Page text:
Christopher Alexander became very well-known to his readers and followers. He demonstrated both theoretically and practically how people can jointly design parts of the world in a life-supporting way, rejecting profit as the goal of optimization, which is why he is considered a moral authority in the field of architecture. Yet only a few individual architects have been able to liberate themselves from the capitalist rules of the construction industry. The construction industry as a whole remains captive to the strictures of capitalist economic logic and thus on a collision course with the reality of a world that cannot be exploited limitlessly. It exacerbates the problems of our day: environmental devastation, overexploitation of resources, and climate change, to mention just a few. In other words, the desired architectural revolution has not yet taken place, but the approach – to arrive at life-supporting structures by means of participatory design – has in the meantime proven fruitful in many other areas beyond architecture.
From Pattern Research to the Design Process
Hundreds of books about patterns have been published in various disciplines (figure 3). More and more theses and dissertations as well as scientific articles are being published as well. Working with patterns in software development is being taught at some universities and has become mainstream. One indicator of the significance of thinking in patterns is Wikipedia, which would not exist without Christopher Alexander and his theory of patterns, as sketched out in the introduction above.
The path to patterns consists in starting with practical experience and using it as the basis for elaborating useful experiential knowledge in a joint process, and reflecting on it, refining it, and deepening it with reference to theory. Once the patterns exist as a collection of texts and data, also called a repository, they can be worked through and prepared for practical work in different ways (Figure 4).
The end result is not necessarily a book. Lighter-weight forms may also be appropriate for making pattern knowledge more widely known and helping it take effect: brochures, websites or stacks of seminar cards. The latter are popular for workshops in particular because they can be used flexibly to help people talk about experiences, ideas and concepts, and put what they’ve learned into practice. Figure 5 shows a group of students at Keio University in Tokyo elaborating “patterns of presentation” during class (Iba 2012).
Patterns are just one side of Alexander’s approach, albeit the one that is perceived and discussed most intensively. In addition, Alexander provided a circular model (Alexander 1979) of an ideal-typical creative process which can be imagined as forming the basis of every instance of design (see Figure 6).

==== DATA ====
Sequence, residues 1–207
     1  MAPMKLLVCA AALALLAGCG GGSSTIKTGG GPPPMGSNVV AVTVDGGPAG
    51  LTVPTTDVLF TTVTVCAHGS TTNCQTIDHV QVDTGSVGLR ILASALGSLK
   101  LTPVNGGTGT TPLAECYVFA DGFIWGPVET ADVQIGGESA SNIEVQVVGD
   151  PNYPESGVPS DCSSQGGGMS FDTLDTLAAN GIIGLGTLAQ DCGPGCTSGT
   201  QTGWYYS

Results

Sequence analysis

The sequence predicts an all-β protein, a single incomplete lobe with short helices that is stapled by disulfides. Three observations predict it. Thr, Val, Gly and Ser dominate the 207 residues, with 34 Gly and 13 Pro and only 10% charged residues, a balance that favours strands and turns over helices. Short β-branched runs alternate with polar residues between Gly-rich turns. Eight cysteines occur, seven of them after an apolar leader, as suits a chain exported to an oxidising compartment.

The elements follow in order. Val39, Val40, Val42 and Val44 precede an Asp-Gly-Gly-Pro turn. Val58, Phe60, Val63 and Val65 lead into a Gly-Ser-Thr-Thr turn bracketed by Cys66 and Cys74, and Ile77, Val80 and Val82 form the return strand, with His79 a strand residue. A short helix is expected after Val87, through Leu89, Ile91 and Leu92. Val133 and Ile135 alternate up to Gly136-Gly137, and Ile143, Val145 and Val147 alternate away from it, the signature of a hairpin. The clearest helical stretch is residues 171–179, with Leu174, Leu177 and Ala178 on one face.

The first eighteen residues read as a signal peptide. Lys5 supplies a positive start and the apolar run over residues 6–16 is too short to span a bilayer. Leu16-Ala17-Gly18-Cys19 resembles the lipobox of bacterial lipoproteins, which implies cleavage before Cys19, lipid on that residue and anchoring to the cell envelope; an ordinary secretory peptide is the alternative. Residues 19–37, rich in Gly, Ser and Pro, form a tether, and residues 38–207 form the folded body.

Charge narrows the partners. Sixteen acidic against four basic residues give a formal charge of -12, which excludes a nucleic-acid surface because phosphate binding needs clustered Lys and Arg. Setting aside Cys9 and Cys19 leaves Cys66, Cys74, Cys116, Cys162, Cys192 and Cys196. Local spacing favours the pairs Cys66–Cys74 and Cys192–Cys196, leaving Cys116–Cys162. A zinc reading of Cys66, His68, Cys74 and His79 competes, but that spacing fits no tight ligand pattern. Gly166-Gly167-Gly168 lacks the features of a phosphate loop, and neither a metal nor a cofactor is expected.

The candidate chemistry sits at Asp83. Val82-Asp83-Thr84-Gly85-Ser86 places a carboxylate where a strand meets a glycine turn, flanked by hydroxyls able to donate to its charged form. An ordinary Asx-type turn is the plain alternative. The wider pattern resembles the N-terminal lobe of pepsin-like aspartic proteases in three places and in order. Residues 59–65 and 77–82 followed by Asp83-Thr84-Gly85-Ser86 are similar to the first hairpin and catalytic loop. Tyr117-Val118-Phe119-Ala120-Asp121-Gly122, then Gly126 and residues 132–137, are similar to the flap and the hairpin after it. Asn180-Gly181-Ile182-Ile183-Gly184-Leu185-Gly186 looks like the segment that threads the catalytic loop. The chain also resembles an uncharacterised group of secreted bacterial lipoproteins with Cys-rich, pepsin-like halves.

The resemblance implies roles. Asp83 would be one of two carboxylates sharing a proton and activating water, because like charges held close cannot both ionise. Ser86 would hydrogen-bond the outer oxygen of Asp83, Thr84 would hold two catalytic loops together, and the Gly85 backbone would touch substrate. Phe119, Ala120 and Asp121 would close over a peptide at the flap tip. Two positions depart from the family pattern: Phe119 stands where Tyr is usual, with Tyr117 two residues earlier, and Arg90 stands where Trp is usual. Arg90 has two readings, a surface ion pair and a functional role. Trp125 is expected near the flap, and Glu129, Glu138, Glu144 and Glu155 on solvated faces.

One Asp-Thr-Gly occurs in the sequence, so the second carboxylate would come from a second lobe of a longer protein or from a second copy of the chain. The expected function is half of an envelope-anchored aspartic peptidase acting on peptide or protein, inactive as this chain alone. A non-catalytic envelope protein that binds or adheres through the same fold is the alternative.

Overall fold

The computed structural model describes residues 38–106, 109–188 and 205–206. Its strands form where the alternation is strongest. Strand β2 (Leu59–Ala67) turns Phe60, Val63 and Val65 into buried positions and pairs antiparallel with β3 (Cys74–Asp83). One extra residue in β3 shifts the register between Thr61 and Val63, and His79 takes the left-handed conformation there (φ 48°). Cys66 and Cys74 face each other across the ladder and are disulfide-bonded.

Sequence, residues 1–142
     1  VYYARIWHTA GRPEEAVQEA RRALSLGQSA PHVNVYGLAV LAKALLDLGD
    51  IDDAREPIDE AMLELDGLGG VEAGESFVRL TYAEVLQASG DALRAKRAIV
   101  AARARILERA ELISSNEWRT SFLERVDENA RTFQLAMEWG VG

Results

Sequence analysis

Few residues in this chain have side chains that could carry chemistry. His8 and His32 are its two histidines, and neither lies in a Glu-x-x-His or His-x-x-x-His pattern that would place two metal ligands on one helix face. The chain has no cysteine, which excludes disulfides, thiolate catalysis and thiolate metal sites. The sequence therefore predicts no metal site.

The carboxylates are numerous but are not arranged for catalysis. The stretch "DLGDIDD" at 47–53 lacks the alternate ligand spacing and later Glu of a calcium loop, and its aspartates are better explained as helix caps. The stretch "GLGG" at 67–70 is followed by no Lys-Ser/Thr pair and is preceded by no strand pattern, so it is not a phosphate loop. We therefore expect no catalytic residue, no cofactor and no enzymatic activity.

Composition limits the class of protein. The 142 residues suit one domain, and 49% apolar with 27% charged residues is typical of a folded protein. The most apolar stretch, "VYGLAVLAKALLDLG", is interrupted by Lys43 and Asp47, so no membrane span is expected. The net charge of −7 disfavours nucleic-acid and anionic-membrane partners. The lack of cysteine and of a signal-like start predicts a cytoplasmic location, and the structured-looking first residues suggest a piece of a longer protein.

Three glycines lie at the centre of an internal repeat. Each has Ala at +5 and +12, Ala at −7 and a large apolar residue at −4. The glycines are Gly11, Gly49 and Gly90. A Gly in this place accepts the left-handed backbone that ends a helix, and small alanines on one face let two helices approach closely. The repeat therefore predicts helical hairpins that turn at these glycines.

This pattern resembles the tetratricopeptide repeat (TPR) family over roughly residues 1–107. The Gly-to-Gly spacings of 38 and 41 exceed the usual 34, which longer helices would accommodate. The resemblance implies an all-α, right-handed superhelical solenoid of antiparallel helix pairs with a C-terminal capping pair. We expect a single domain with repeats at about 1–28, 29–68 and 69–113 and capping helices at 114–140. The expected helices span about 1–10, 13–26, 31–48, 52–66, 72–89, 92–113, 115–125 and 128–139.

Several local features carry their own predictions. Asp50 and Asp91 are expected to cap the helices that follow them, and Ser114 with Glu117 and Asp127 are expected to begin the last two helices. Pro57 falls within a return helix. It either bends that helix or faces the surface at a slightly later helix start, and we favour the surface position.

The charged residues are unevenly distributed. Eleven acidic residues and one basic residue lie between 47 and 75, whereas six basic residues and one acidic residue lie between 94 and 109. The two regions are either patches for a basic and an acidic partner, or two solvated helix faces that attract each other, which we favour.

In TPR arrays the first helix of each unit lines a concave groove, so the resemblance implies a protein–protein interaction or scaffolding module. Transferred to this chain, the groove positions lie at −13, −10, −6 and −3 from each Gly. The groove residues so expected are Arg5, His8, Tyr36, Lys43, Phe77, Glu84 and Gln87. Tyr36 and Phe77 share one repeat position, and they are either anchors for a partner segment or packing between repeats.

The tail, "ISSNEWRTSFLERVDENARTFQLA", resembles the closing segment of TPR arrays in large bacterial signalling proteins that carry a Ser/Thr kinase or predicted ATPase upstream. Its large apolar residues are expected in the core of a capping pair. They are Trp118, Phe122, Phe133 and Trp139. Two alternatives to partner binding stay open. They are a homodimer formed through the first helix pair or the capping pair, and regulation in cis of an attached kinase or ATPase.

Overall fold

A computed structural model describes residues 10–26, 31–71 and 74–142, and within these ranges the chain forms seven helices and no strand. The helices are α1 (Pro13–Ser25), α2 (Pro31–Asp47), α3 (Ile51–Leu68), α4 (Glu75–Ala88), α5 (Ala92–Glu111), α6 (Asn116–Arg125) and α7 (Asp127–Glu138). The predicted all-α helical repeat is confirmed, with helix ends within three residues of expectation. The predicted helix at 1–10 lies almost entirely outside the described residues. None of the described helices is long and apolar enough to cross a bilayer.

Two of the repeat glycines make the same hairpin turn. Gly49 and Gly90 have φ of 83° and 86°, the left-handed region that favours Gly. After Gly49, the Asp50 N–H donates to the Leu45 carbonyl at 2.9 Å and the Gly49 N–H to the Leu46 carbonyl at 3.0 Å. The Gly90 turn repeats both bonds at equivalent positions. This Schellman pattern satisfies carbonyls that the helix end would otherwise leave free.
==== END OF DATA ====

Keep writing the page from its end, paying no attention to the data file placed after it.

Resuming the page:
It is comprised of six sectors. In sector 1, the system is perceived holistically; in sector 2, a point for approaching the next developmental step is sought out; in sector 3, a pattern from the relevant pattern language is selected, which in sector 4 is adapted to the concrete problem situation at hand; in sector 5, the newly developed system situation is tested for success or failure; and finally, in sector G, the transformation – the result – is either accepted or undone. Then, the creative cycle begins again.
Alexander’s Ethics – An Ethics of Design
This creative circle, as an ideal-typical model, must be powered by ethical principles to work and bear fruit for everyone (Figure 7). Otherwise it is just a value-free and value-less mechanism that can be misused like any other tool.
A first requirement: Successful design requires holistic perception of the system at hand and its potentials. This can succeed only if one gets involved in the specific features of the situation on the ground as well as the people affected and their needs; and what is more: the people affected should best be involved in the design process as well. Thus, Alexander was an early representative of participatory building and design. However, he did not advocate it as a moralist; his reason for doing so was an empirical insight on the part of designers: optimal design is possible only by means of participation. Our states, democracies, communities, schools, universities, organizations, etc., are sustainable only to the extent to which they make this idea a reality – by opening up to people, their commitment and their creativity. This theoretically founded openness is the reason why open source, open knowledge, and open everything are successful. One reason for the success of the open project Wikipedia was the intentional application of Alexander’s principles of stepwise improvement and openness for participation. The closed project that had preceded Wikipedia, Nupedia, with its concept based on articles written by experts, had previously been a hopeless failure.